Between improvements in Derby’s fitness and my own riding, things have been on the upswing.  I’m getting Derby more engaged than ever before, with really solid connection that is passing the “stretch” test – if you give the horse more rein, he should follow it down, maintaining the contact.  I can really feel his back coming up underneath me, and I can get a nice stretchy trot and connected free walk, to boot.

We had a really nice ride early last week, on a night that the horse was coated in mud and my phone was dead.  Despite the fact we had some nice work I’m glad there is no footage. I was running late, and scraped off only as much crud as was necessary to get the saddle on him and away we went. George Morris definitely would not have approved. Despite our deplorable turnout, the ride went really well. Christy said it was the best work we have produced to date, and it felt fantastic. I was able to put the horse together, and really start generating some power from his back legs. His back was up and he was really using himself well.

Those moments when I get it right are breathtaking and addictive. I feel like I’ve got the saddle sitting on top of the Maserati.  And it’s such a cool thing feeling the horse’s come up underneath you and all that power start to come from the back end.

The changes that I’m seeing since this step forward in our work are interesting to observe.   Derby is much more inclined to stretch than heScreen Shot 2014-08-31 at 8.52.44 PM was previously.  When I give him the room to stretch, he eagerly takes advantage of the opportunity.  He’s even changed his way of going on the longe line – I longed him today for a few minutes and he stretched himself out and down of his own volition, nose almost to the ground.  This is an entirely new thing for Derbs.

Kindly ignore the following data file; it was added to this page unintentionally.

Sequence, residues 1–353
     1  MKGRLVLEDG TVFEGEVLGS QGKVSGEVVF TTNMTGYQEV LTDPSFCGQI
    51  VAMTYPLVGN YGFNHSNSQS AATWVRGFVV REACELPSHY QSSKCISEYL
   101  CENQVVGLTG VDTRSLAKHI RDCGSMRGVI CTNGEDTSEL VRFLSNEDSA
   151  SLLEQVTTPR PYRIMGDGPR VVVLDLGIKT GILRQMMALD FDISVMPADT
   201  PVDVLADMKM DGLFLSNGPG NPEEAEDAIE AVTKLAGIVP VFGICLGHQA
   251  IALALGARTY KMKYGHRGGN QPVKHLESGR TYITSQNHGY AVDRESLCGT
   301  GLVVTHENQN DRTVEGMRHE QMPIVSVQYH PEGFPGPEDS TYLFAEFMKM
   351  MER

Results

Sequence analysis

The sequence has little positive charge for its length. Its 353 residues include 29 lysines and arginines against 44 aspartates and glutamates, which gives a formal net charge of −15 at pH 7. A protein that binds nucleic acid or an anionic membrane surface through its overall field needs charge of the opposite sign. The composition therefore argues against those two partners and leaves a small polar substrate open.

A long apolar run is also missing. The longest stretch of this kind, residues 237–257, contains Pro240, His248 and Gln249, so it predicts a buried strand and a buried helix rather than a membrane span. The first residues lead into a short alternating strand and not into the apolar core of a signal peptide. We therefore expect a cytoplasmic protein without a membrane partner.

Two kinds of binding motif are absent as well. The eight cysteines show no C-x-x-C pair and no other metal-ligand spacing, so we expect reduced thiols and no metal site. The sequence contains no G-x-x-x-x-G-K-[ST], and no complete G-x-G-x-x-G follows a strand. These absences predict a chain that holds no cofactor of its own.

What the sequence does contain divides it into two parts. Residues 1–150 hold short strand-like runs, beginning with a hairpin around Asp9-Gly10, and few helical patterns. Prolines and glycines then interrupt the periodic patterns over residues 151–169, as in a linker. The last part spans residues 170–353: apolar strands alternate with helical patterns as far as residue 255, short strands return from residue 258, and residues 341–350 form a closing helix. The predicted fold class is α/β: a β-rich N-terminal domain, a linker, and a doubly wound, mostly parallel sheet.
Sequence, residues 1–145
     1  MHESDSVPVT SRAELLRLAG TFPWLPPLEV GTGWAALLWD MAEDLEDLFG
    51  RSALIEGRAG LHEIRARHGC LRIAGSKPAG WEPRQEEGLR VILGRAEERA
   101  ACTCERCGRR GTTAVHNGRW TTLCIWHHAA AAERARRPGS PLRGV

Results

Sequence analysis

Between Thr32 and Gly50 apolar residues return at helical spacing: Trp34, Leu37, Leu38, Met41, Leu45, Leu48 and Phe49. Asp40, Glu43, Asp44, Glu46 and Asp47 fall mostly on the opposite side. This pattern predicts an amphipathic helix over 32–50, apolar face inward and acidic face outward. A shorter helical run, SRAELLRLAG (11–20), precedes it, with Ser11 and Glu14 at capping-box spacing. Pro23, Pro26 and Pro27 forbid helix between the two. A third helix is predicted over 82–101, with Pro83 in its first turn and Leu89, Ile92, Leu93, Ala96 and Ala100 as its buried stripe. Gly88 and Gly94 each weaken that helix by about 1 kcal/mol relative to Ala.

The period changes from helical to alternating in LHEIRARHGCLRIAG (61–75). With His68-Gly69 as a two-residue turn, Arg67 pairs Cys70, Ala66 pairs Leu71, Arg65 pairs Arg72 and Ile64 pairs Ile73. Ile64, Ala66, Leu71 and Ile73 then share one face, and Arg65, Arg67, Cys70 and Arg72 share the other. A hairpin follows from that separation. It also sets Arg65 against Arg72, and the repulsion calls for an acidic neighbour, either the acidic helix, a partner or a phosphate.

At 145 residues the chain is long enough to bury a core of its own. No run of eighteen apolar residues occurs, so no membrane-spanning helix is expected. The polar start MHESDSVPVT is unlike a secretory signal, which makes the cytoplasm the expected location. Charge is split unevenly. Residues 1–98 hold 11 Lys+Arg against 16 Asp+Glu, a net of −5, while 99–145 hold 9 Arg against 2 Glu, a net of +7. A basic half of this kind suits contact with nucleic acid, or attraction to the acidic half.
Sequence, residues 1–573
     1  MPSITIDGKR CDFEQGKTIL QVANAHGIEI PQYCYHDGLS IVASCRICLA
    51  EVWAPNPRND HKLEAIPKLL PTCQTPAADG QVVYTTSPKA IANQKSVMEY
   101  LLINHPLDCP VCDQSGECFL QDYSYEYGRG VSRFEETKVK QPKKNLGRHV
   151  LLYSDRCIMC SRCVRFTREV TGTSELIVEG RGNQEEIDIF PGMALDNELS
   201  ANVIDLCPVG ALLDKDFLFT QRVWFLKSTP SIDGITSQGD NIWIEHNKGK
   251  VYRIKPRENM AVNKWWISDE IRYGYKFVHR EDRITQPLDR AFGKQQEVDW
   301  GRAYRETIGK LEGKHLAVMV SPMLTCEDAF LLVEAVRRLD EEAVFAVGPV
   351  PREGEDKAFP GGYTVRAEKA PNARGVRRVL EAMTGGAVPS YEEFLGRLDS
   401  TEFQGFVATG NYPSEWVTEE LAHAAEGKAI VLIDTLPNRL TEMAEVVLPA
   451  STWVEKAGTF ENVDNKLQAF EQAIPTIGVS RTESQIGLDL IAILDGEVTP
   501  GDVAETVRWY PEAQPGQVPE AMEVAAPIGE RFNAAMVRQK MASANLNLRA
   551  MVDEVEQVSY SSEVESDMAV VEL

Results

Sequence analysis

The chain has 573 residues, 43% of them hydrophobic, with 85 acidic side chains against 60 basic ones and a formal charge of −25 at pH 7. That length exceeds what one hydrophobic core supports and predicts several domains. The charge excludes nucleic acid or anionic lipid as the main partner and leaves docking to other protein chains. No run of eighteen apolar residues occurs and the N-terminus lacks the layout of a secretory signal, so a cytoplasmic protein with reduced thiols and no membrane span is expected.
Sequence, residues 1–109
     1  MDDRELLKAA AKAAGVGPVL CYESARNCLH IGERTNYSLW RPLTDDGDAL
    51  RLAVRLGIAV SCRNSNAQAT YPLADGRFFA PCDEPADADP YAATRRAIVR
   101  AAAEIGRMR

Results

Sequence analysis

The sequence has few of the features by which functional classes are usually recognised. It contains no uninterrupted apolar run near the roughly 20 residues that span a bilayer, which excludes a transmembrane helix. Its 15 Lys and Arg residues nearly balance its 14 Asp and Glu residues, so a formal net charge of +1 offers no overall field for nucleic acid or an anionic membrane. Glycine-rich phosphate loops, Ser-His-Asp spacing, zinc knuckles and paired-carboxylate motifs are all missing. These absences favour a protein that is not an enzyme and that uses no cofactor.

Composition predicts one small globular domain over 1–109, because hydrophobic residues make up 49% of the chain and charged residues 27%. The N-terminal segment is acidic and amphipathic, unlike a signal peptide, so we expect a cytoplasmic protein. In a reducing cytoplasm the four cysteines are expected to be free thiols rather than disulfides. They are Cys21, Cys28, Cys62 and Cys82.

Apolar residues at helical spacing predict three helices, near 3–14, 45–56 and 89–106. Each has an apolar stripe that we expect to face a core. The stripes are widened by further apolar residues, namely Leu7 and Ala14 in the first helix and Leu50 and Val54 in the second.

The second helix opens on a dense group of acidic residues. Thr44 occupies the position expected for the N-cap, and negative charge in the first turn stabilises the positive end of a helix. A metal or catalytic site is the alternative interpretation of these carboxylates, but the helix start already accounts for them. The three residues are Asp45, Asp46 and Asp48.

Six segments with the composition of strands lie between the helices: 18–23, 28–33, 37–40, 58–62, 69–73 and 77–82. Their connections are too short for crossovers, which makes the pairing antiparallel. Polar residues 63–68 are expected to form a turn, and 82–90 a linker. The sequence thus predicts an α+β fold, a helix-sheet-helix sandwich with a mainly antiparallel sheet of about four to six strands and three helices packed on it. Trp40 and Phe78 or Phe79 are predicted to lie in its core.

In addition to his adventure on the trail with Carson, Derby and I also practiced going through puddles when a wayward storm blew a ton of water in through the side door, creating a swamp that lasted several days.   The day of the downpour, Christy and I rode together, weathering a really loud thunderstorm with Derby and Remy, who both kept their composure nicely.  I wasn’t entirely successful at navigating the water – I was able to kick a bug-eyed Derby across it but we didn’t get to the point where we were plowing comfortably through it like Remy was.

As we untacked, I made a stupid comment to Christy, saying something along the lines of “I wish he’d go through the water more confidently,” promptly earning myself an impromptu lecture about riding more confidently, and being unequivocal about going forward.

Of course, she was right.

The next day we got another shot at the puddle.  We started walking around and through it, and the one time he tried to balk, I applied some vigorous encouragement with the whip and through we went.  We traversed the length of the puddle nicely, and then gave trotting it a shot.  Derby thought about ducking inward, but I had the presence of mind to really hold my outside hand,  at the same time closing my legs and sending him forward.  It worked, and we bounced through the goo, and then did it again a few more times for good measure.

Summer school has been in session, and it’s paying off.  I’m eyeballing a schooling show in early October – we’ve done diddly this year, and I’d like to get off the property.   However, we have more work to do before I bust out the white britches.  We’ll see!